Almost everyone agrees that Jackie Robinson — the man who broke baseball’s color barrier in 1947 — was a genuinely heroic and important American figure.
Robinson, who died in 1972 at the age of 53, was an intense ballplayer and an intense public figure. He rightly has been lionized and honored by professional baseball — the sport that took an ungodly amount of time getting around to allowing black players onto its fields. The grass may have been green, but the sport remained lily white, as many have observed.
PG-13 for thematic elements including language
For 27 years, Robert Denerstein was the film critic at The Rocky Mountain News. Read more of Robert's reviews at Denerstein Unleashed.
42 — a movie focused on Robinson’s early career — turns out to be a solidly conceived look at the former Brooklyn Dodger, a historical highlight reel served up with a generous helping of baseball nostalgia and some feeling for the turbulent racial climate of the period.
Written and directed by Brian Helgeland, 42 does a decent job of showing some of the difficulties faced by Robinson (Chadwick Boseman) after Dodger president and general manager Branch Rickey (Harrison Ford) decided that it was time to expand baseball’s diversity, as well as its market share.
42, of course, is not the first movie to focus on Robinson. The actor played himself in a corny 1950 biopic which you can watch in its entirely on You Tube. After I saw 42, I watched The Jackie Robinson Story again. It, too, provides some of the highlights of Robinson’s ascent from the old Negro leagues to the minor leagues (he broke in with the Montreal Royals), as well as his early and often difficult days with the Dodgers. When it comes to baseball prowess, both movies emphasize Robinson’s speed, base-stealing abilities, power and competitive fire.
Obviously, production values have taken a quantum leap since 1950: It’s now possible for filmmakers to recreate some of the long-vanished ballparks in which Robinson plied his trade: Ebbets Field (in Brooklyn), the Polo Grounds (in Manhattan), Crosley Field (in Cincinnati) and Shibe Park (in Philadelphia). As a kid, I was a rabid New York Giants fan, so it was an exquisite pleasure to see the Polo Grounds resurrected for a fleeting moment — even as a CGI-created phantom.
The two principal characters in Helgeland’s traditionally conceived — if abbreviated — bio-pic are Robinson, well-played by Boseman, who physically resembles the first black Major Leaguer, and Ford, who portrays Rickey as a jut-jawed, cigar-smoking executive who minced few words and who deftly balanced both profit and social motives.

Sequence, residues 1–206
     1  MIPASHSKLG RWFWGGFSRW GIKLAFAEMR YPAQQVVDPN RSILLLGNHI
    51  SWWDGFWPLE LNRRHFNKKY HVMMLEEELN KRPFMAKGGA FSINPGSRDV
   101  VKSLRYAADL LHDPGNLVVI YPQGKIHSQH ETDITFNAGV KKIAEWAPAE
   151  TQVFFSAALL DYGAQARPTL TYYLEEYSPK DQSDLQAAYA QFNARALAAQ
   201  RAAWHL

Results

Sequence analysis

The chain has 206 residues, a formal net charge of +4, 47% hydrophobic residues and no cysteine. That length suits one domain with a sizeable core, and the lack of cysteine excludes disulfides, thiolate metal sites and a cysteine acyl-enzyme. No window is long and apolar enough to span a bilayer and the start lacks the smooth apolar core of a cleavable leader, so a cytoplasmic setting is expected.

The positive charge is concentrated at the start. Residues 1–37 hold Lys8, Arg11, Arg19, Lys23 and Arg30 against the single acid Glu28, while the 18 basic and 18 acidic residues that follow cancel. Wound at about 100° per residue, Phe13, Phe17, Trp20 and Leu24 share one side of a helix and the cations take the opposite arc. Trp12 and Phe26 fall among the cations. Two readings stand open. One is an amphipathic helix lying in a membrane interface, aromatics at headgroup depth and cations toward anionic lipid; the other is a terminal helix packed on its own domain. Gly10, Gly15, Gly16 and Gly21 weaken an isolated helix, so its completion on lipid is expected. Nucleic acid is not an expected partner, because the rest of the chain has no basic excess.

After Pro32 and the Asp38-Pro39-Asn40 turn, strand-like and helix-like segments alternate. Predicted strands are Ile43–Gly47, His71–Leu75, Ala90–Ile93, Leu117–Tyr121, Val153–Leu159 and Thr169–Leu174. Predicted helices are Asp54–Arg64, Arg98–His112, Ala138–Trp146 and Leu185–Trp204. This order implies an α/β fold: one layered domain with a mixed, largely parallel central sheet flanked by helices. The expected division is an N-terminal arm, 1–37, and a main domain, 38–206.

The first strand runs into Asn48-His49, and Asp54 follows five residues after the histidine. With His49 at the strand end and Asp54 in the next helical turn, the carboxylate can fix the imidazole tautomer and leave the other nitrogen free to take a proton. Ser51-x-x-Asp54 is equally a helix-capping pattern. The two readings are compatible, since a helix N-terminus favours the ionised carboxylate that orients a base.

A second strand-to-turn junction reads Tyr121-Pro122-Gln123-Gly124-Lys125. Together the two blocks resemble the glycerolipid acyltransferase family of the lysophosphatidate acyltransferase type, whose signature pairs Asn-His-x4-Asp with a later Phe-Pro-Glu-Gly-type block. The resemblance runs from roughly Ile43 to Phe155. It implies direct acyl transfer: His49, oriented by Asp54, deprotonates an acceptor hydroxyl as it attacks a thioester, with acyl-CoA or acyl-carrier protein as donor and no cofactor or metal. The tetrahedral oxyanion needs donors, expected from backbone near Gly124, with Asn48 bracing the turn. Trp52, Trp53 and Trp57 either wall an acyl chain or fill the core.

Nicole Beharie plays Robinson’s wife Rachel, a woman portrayed as ceaselessly supportive of her husband during his time of trial, frustration and achievement.
As is the case with many baseball movies, Robinson forms a relationship a with newspaperman. As a black man writing for a black-owned newspaper in Pittsburgh, Wendell Smith (Andre Holland) was denied admission to the Baseball Writers Association of America. I’ve read that it was Smith who first suggested to Rickey that he consider Robinson.
Helgeland, who directed A Knight’s Tale and who wrote the screenplays for movies such as L.A. Confidential and Mystic River, doesn’t flinch from the racial ugliness that Robinson faced, concentrating much of it into a single game. Phillies’ manager Ben Chapman (Alan Tudyk) crudely hurls racial insults at Robinson. Rickey insisted that Robinson not fight back, that he have the courage not respond to the abuse.
Interestingly, the movie covers only Robinson’s first year in the Majors, stopping short of the rest of his 10-year career and the life that followed baseball. By his second year in the Majors — or so I’ve read — Robinson began responding to those who taunted him. I’d have liked to see some of that.
Helgeland populates the movie with names familiar from that now-hallowed period in baseball. We meet pitcher Ralph Branca (Hamish Linklater), manager Leo Durocher (Christopher Meloni), shortstop Pee-Wee Reese (Lucas Black) and right fielder Dixie Walker (Ryan Merriman). Reese, an acknowledged Dodger leader, made a point of accepting Robinson, as did Branca. Walker was less tolerant, as were the many other Dodgers who signed a petition protesting the fact that they were being asked to take the field with a black player.
In many ways, 42 is an overly burnished bit of socially-conscious baseball hagiography. Helgeland makes little attempt to deliver Robinson in his entirety.
Looking at Robinson’s time in baseball through a rear view mirror, the racism of the period can seem as blatant as it was detestable, an obvious target for today’s audiences. Robinson, of course, knew that his battle with racism didn’t end when he left the playing field, where in his first season he took Rookie of the Year honors and helped the Dodgers win the pennant.
Although it falls short of Golden Glove movie status, 42 succeeds within the parameters it sets for itself. Helgeland seems to have wanted to give his movie an old-fashioned spin that didn’t allow for much of the righteous anger about racism that Robinson had no trouble expressing. The movie is about Robinson; it isn’t made from his point of view.
If we’re lucky, though, 42 will familiarize a new generation with one of the enduring figures of American life, a hero whose discipline, dedication and courage far exceeded whatever virtues we associate with the comic-book characters who seem to have taken over American movies these days. 42 may be an idealized portrait, but that could be precisely what Helgeland wanted and what he thought Robinson deserved.